“We are what we repeatedly do. Excellence then, is not an act, but a habit.” ~ Aristotle / Will Durant

Defined broadly, a habit is a behavior that one performs regularly. Habit behaviors happen automatically, revolving around a learned association between a cue and a response. Habitual behaviors are associated with lesser awareness, reduced stress, and a greater feeling of control. In the early 20th century, habits were considered “a more or less fixed way of thinking, willing, or feeling acquired through previous repetition of a mental experience.” However, we now know that habits are not fixed – with the right tools, we can change our habits to better suit our goals.

References
  1. Merriam-Webster
  2. Cambridge Dictionaries
  3. Psychology Today
  4. Collins Dictionary
  5. Orbell, Sheina, and Bas Verplanken. “The automatic component of habit in health behavior: habit as cue-contingent automaticity.” Health Psychology 29.4 (2010): 374.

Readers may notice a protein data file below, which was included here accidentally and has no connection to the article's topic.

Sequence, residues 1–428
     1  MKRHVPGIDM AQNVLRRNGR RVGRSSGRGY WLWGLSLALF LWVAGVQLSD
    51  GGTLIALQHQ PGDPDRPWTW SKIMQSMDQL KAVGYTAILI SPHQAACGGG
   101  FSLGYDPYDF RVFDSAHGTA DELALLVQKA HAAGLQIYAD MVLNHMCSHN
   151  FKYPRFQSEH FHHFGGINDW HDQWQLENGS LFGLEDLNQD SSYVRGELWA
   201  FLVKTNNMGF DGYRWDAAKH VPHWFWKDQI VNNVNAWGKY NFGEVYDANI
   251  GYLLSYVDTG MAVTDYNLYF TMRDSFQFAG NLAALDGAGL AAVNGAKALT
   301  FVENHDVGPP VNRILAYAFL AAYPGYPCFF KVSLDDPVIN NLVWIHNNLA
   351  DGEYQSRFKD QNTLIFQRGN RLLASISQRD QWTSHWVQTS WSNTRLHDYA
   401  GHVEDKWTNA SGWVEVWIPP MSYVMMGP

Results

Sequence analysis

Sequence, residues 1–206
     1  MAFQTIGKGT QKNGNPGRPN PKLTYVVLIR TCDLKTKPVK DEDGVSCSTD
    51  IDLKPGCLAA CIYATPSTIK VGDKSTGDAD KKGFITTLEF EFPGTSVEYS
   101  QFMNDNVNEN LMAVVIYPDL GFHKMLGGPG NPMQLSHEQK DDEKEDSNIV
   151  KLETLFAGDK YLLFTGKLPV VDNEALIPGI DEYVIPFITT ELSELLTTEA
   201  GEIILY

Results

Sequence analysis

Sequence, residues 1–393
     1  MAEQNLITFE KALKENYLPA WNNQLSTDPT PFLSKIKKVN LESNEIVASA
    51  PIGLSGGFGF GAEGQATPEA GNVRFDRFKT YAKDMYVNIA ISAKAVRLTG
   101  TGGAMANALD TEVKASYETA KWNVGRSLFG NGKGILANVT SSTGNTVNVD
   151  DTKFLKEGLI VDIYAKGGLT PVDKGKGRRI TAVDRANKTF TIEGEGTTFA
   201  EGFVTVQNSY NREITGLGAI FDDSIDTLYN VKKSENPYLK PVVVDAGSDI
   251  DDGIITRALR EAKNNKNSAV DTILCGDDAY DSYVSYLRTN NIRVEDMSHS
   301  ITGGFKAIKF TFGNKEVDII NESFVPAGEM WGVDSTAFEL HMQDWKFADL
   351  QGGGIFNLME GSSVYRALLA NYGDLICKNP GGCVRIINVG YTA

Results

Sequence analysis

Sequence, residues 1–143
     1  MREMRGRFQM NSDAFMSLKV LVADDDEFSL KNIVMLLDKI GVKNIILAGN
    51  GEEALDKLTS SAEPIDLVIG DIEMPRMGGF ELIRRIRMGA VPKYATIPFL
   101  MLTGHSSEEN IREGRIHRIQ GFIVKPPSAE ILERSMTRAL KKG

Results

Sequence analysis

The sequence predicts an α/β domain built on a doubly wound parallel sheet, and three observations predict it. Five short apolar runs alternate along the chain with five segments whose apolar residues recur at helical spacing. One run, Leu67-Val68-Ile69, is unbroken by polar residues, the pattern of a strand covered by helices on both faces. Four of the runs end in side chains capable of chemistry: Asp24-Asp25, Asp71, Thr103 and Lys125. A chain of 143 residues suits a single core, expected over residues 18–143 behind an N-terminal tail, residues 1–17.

6. Neal, David T., Wendy Wood, and Jeffrey M. Quinn. “Habits—A repeat performance.” Current Directions in Psychological Science 15.4 (2006): 198-202.
  7. Wood, Wendy, Jeffrey M. Quinn, and Deborah A. Kashy. “Habits in everyday life: thought, emotion, and action.” Journal of personality and social psychology 83.6 (2002): 1281.
  8. Andrews, Benjamin Richard. “Habit.” The American Journal of Psychology 14.2 (1903): 121-149.
  9. Fisher, Edwin B., et al. “Behavior matters.” American journal of preventive medicine 40.5 (2011): e15-e30.
  10. Ouellette, Judith A., and Wendy Wood. “Habit and intention in everyday life: the multiple processes by which past behavior predicts future behavior.” Psychological bulletin 124.1 (1998): 54.
  11. Wood, Wendy, and David T. Neal. “A new look at habits and the habit-goal interface.” Psychological review 114.4 (2007): 843.
  12. Verplanken, Bas, and Wendy Wood. “Interventions to break and create consumer habits.” Journal of Public Policy & Marketing 25.1 (2006): 90-103.

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